On the Wednesday 15th February we held a workshop to experiment with our newly created Tranquil Pavement Map. We wanted to observe how people interact with the map to see if it was able to help people find healthier routes through the city. More than 40 people participated and were grouped together to form 5 teams.
Each team was assigned three tasks:
- Draw on a (plain) map a typical walking route that you take from point A to B
- Contribute your tranquil spaces based on your experiences of the city
- Consider the same A to B route but prioritising passing through tranquil spaces and areas of low pollution
We presented some examples showing the reduced pollution exposure that could be achieved by using the Tranquil Pavement Map to devise routes across the city. The benefits in terms of exposure were quantified using our GIS map.
The graphs demonstrate that by using both the crowd-sourced and open data sets, we can actively reduce our exposure to noise and air pollution when travelling around the city by significant amounts.
Figure 1: Comparison of noise and air pollution exposure with ‘typical’ route and the ‘tranquil’ route.
We considered the health and wellbeing benefits of these reductions in exposure. Using the routes mapped by Grant as an example, based on available guidance and average exposure, we found that if he was to change his route to the ‘tranquil route’ every day for a year, he could be expected to gain an additional day of healthy life! This is a tangible benefit of seeking out tranquil spaces and quieter, less polluted paths along his journey to work.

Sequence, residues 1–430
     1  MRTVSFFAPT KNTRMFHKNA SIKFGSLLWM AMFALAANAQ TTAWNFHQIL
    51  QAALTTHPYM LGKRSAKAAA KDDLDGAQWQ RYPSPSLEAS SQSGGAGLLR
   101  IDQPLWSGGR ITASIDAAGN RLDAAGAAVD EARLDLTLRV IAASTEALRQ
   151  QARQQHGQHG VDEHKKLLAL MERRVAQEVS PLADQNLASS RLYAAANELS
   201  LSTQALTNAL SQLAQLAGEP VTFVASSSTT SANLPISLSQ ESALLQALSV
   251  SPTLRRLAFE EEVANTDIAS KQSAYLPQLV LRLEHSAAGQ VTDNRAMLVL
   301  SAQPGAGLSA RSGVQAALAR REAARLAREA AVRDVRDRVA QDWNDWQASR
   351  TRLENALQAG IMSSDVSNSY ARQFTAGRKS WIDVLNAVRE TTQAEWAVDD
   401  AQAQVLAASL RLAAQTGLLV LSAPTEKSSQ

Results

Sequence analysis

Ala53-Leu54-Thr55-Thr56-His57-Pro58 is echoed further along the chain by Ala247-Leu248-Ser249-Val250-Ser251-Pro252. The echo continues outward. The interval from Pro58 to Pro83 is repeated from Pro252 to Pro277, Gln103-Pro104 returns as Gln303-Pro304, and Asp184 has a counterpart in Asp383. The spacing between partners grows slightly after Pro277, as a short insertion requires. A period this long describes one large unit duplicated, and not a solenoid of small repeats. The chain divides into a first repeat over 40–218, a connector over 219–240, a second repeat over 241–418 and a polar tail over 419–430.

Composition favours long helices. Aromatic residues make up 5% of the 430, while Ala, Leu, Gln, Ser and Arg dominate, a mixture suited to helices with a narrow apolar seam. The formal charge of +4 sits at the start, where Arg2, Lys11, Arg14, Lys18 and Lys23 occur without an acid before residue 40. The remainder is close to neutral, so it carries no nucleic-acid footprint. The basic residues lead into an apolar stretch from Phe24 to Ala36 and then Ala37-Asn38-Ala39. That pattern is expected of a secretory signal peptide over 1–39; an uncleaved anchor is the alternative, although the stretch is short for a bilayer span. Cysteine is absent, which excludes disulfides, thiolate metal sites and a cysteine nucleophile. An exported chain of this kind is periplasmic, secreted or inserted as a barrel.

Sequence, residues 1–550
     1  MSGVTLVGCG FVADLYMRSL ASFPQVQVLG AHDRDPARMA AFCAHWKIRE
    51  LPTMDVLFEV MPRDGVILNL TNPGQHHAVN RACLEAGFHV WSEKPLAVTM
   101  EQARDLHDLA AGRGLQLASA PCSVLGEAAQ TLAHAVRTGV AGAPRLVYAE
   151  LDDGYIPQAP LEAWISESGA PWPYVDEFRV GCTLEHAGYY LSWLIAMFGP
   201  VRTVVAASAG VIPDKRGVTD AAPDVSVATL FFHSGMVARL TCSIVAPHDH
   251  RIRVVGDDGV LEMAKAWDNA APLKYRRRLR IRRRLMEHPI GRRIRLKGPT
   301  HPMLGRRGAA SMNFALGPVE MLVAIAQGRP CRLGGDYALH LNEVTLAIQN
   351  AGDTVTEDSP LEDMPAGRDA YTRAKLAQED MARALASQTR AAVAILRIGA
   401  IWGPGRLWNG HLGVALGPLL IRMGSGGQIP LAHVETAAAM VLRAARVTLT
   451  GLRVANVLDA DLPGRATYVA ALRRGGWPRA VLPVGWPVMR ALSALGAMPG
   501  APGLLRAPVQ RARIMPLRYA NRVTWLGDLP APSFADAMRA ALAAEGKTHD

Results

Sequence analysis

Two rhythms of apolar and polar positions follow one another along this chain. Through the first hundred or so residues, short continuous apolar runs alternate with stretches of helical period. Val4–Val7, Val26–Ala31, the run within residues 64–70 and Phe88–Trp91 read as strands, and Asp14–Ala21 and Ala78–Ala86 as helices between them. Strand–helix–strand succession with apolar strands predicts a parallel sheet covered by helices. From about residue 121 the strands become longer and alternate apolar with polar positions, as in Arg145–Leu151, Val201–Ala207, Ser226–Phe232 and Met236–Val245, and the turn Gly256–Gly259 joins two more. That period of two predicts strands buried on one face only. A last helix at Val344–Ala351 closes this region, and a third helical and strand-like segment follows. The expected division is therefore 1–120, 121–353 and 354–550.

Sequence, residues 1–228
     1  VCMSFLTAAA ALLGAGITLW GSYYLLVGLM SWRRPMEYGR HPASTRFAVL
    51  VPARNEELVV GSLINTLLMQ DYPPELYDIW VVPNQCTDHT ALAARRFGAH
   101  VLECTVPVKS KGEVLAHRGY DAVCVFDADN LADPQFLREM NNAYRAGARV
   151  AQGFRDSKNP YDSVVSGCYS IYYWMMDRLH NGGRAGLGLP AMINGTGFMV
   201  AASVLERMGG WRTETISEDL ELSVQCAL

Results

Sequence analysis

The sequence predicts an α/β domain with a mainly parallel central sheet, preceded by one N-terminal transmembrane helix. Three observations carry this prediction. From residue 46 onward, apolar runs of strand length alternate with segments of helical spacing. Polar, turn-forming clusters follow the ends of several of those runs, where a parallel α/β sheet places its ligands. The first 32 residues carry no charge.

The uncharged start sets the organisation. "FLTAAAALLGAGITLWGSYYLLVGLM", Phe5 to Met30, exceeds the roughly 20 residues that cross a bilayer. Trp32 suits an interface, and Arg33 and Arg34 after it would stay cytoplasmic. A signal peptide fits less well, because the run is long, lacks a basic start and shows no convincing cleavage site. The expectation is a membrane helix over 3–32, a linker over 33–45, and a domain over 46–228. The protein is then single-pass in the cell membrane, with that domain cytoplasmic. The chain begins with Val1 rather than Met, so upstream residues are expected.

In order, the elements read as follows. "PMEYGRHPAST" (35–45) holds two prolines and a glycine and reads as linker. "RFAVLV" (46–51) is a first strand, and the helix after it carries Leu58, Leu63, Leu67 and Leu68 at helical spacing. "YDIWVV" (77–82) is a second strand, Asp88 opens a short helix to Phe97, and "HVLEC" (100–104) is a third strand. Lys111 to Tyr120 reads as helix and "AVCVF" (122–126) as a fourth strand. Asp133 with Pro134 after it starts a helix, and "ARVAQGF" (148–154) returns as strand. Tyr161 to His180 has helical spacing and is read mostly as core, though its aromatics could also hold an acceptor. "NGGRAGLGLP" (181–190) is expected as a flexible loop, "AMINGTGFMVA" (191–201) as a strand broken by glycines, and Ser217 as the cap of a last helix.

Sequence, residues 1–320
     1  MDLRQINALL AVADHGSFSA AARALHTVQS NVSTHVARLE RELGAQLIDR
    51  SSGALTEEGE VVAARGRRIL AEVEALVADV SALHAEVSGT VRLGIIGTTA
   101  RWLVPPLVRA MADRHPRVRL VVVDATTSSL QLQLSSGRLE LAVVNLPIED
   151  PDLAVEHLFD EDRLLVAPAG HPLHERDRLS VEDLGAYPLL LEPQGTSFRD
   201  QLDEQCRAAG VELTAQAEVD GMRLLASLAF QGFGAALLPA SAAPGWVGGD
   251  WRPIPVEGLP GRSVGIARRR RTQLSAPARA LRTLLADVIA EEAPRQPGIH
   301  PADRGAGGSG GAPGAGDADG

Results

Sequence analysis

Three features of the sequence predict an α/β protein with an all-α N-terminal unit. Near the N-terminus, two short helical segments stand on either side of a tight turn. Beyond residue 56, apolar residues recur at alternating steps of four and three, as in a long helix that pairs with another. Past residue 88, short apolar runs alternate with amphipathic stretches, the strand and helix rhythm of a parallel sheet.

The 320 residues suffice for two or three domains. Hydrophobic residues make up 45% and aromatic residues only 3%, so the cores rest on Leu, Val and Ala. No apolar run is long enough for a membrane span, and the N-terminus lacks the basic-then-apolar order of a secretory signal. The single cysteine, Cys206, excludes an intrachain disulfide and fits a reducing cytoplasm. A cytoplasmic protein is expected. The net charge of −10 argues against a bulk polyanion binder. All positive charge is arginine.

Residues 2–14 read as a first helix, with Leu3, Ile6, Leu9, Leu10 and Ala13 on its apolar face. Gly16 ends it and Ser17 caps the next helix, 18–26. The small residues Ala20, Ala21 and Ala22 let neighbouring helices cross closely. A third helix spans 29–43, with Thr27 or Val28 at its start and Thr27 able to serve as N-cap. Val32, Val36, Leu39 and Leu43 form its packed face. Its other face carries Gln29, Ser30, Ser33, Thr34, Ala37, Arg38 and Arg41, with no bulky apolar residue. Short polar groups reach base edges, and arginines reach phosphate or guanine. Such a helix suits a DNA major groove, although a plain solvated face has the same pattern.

We believe that this research (which will be detailed further upon completion of the project) is powerful in that as much as we rely on planning and government policies to clean up our air and provide liveable cities, we can actively reduce our exposure to noise and air pollution by choosing routes that are more beautiful, greener, quieter, wilder, sometimes longer but definitely more tranquil.
We are seeking to raise awareness of this so that the profile of the liveability of the city is raised and that planners listen to citizens who want more green spaces, more trees, more wildlife, more pedestrianisation, more waterways and water features. As the Tranquil City experiment has demonstrated, these features can actually result in reduced exposure to noise and air pollution and can help empower people to find more scenic walking and cycling routes through the city.
We will be publishing the results to each of the workshop group’s tranquil routes very soon… watch this space!
Figure 2: Visual representation of Tranquil City’s ability to help define tranquillity in the urban context and how it may be placed to aid Local Authorities protect it in the city.